Cynthia L. Wilson was a young grad student at the University of
Alabama when her mother died. “I didn’t have a very good way of dealing with my grief since everyone I knew still had mothers,” she says. Still raw from her loss, Wilson was asked to illustrate a brochure for an upcoming lecture by Elisabeth Kübler-Ross, author of On Death
“When I tried to think of a way to illustrate death that wasn’t morbid and awful, I thought about the pond my parents built,” says Wilson. She remembered watching leaves drift onto the water. “Slowly, they went below the surface, losing their bright colors, and finally reaching the bottom of the pond where they provided food and shelter for the next generation of fish and frogs — just like life.”
Her painting today is about capturing the same kind of eye-opening moment for others. Wilson names various dangers to the environment — global warming, new invasive pests, floods, and drought — as her catalysts. “I want to paint as much beauty as I can to help people look around and possibly see what we have to lose,” she says. The artist believes that “if enough people open their eyes to the beauty around us, we can expect change for the good.”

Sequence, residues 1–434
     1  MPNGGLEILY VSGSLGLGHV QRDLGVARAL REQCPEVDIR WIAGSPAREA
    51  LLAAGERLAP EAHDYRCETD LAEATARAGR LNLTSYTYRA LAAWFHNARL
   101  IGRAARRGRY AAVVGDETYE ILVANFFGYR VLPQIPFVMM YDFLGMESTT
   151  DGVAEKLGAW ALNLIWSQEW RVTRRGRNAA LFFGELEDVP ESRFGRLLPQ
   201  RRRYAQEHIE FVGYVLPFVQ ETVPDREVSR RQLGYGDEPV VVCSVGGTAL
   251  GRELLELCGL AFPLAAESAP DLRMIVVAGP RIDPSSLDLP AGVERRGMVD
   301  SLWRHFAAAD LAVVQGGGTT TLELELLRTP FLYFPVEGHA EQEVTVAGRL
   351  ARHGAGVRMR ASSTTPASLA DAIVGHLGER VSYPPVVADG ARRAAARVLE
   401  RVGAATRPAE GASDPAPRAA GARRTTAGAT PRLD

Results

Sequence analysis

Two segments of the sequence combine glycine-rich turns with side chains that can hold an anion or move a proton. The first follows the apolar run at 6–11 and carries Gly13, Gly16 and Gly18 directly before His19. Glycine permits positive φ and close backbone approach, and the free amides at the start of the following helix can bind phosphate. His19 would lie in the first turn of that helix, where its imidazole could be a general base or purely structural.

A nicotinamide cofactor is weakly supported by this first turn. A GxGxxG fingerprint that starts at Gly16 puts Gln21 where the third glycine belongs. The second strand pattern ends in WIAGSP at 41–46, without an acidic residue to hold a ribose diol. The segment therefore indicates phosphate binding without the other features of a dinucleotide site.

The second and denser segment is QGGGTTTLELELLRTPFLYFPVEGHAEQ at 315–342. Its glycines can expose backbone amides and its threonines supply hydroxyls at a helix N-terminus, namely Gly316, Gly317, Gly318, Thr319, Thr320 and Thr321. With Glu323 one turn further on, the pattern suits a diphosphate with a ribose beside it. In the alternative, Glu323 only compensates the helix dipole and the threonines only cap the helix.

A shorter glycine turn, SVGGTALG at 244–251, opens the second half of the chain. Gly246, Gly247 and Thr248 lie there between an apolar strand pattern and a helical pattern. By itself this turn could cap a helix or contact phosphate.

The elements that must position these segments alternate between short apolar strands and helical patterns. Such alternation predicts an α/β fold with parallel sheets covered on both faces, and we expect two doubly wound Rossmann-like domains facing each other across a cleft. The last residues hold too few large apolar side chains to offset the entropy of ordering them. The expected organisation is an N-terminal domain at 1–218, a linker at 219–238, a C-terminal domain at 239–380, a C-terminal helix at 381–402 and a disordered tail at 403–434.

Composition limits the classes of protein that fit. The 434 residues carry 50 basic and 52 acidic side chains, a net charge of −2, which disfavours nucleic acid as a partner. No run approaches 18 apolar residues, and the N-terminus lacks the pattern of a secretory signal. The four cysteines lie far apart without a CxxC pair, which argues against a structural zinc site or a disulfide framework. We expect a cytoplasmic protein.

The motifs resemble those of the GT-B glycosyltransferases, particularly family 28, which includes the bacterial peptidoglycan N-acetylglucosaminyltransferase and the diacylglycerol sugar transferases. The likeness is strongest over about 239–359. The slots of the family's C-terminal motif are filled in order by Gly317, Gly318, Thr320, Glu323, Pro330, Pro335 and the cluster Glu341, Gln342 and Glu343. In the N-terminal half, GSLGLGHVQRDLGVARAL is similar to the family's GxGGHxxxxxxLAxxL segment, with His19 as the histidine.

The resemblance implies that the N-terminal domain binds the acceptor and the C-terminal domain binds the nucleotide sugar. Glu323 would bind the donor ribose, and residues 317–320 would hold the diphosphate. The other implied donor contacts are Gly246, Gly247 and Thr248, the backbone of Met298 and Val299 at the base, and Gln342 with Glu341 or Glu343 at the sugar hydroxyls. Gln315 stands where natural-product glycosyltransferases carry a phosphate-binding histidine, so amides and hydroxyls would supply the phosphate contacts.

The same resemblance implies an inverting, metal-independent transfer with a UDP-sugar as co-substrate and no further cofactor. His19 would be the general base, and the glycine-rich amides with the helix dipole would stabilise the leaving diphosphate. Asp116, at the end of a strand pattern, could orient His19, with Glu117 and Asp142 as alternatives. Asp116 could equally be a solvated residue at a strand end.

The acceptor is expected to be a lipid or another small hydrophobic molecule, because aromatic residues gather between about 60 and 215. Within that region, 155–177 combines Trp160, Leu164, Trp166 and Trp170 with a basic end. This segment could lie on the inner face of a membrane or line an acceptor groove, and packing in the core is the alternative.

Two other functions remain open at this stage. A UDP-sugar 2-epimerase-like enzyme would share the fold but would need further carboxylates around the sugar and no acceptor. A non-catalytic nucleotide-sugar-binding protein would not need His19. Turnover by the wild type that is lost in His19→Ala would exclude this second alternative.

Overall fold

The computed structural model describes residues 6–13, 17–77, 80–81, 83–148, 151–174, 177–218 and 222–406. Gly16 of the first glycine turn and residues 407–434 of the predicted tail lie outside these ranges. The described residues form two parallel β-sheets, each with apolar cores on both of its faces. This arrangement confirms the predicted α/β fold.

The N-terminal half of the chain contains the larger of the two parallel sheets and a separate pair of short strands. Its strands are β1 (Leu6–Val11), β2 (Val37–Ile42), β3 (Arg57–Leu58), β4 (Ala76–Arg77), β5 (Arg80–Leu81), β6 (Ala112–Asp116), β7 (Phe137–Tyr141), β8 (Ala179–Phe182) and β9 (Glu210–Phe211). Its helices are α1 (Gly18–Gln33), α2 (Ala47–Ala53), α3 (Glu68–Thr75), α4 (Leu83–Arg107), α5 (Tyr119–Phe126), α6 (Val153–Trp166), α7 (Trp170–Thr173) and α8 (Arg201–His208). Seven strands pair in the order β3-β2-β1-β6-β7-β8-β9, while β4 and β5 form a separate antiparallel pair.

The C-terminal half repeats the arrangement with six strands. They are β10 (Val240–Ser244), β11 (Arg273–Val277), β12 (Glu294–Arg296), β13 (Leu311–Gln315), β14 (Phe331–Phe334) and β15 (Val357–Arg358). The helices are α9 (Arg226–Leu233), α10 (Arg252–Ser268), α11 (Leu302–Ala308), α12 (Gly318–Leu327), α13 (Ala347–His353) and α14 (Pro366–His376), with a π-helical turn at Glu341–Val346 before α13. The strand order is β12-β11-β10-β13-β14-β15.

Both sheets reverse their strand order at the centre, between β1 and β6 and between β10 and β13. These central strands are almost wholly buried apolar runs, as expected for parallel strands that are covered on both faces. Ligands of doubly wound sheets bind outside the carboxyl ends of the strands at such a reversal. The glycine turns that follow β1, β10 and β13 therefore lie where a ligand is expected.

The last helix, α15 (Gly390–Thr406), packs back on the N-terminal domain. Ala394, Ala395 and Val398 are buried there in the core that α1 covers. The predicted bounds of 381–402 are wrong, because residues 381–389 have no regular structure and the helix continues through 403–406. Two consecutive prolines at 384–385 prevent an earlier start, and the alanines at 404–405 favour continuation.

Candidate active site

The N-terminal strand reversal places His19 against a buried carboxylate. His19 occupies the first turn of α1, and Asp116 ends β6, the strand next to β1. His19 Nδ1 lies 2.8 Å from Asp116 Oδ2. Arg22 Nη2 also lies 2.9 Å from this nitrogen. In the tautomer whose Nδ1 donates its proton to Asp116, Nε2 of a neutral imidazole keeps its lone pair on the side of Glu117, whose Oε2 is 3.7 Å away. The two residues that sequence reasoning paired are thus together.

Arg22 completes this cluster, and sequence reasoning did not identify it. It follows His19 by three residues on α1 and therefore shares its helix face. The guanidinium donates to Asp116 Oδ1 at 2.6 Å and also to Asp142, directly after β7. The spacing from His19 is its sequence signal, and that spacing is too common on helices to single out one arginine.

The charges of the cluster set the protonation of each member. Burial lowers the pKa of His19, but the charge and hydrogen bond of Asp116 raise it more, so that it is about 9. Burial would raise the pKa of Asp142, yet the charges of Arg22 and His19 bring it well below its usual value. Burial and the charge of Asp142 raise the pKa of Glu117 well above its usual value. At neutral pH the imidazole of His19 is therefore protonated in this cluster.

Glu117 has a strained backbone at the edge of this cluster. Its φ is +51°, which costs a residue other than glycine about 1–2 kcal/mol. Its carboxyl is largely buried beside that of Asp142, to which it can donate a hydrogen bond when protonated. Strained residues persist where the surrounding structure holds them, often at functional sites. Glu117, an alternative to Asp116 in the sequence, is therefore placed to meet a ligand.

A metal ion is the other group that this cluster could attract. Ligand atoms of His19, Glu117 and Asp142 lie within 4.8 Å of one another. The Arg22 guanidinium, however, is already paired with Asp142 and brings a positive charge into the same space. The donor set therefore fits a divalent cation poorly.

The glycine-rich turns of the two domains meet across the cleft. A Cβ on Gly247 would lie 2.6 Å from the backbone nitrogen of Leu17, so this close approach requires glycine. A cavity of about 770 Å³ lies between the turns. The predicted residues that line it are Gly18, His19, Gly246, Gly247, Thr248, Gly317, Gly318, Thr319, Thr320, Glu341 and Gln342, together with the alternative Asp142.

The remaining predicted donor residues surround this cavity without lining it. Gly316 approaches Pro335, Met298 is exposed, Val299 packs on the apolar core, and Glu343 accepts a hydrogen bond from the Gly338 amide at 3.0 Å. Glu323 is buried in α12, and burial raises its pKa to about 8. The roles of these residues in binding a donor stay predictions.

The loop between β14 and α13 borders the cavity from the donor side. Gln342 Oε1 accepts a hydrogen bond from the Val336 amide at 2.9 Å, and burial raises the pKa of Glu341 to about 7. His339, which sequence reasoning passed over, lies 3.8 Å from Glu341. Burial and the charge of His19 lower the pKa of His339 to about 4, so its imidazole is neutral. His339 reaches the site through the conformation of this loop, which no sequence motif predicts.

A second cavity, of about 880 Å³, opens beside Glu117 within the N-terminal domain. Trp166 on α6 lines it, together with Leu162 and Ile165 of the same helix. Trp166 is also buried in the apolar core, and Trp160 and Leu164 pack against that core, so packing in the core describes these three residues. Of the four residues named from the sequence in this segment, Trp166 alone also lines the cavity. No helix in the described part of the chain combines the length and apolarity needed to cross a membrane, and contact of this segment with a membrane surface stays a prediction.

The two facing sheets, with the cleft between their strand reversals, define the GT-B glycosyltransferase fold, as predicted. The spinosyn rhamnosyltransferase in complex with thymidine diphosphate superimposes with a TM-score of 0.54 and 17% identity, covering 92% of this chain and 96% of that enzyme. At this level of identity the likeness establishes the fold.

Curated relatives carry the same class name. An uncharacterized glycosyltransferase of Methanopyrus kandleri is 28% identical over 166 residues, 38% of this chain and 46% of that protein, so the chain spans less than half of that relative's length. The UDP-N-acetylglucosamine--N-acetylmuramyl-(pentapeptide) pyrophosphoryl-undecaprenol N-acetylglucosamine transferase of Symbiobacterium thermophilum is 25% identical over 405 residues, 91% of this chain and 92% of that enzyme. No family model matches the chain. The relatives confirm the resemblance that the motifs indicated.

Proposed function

After a lot of moves early in her married life, Wilson became a full-time artist in Baton Rouge. “I started out as a watercolor painter, but discovered acrylics were more versatile. I can paint in layers with acrylic and incorporate collage elements” (including gold leaf and found objects). “Also, with acrylics, I can paint on canvas, paper, board, metal, and scratch into the paint, build up textures with layers.”
Wilson says her works generally fall in one of three categories: landscapes, abstractions, and dreamscapes. “I love to go into my studio and start a painting with no idea in mind. The paint begins to say something as it responds to my brush, and whether it ends up as a realistic painting or an abstract piece, the process is exciting.”
The viewer can experience something similar. One might, with a cursory glance, see a canvas as representative. That can change, however, as the aspects of apparent realism subtly transform into more abstract elements. “The abstractions come from my time as a graphic designer,” says Wilson. “I was trained to think in terms of spatial arrangement. When I started turning that into paintings, it was like a door opened that enabled me to use color and shape and pattern in a way I never had before.”
Cynthia L. Wilson, Hendersonville. For more information about the artist, visit clwilsonart.com. Wilson’s exhibit “Stones and Dreams, Shadows and Streams” will open at Grovewood Gallery (111 Grovewood Road) on Saturday, May 18 and run through Sunday, June 30. www.grovewood.com. Wilson also exhibits paintings at The Gallery at Flat Rock (2702-A Greenville Hwy., Flat Rock, galleryflatrock.com).